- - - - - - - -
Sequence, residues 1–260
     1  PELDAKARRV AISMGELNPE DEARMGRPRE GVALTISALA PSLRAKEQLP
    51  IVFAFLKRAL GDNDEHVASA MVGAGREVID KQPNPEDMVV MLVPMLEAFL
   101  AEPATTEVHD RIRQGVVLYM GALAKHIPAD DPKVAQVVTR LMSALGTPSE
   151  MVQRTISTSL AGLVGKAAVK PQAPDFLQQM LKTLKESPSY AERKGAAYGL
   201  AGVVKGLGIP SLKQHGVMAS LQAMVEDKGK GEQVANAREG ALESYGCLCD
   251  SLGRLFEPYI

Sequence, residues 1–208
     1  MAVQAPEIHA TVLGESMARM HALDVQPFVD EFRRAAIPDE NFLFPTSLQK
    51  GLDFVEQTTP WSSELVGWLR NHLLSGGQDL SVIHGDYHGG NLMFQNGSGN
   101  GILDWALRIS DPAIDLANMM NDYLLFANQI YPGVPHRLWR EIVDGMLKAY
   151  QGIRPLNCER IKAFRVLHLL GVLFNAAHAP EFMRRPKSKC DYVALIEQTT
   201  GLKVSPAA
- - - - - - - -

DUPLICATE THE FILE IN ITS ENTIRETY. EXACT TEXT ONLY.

Sequence, residues 1–260
     1  PELDAKARRV AISMGELNPE DEARMGRPRE GVALTISALA PSLRAKEQLP
    51  IVFAFLKRAL GDNDEHVASA MVGAGREVID KQPNPEDMVV MLVPMLEAFL
   101  AEPATTEVHD RIRQGVVLYM GALAKHIPAD DPKVAQVVTR LMSALGTPSE
   151  MVQRTISTSL AGLVGKAAVK PQAPDFLQQM LKTLKESPSY AERKGAAYGL
   201  AGVVKGLGIP SLKQHGVMAS LQAMVEDKGK GEQVANAREG ALESYGCLCD
   251  SLGRLFEPYI

Sequence, residues 1–208
     1  MAVQAPEIHA TVLGESMARM HALDVQPFVD EFRRAAIPDE NFLFPTSLQK
    51  GLDFVEQTTP WSSELVGWLR NHLLSGGQDL SVIHGDYHGG NLMFQNGSGN
   101  GILDWALRIS DPAIDLANMM NDYLLFANQI YPGVPHRLWR EIVDGMLKAY
   151  QGIRPLNCER IKAFRVLHLL GVLFNAAHAP EFMRRPKSKC DYVALIEQTT
   201  GLKVSPAA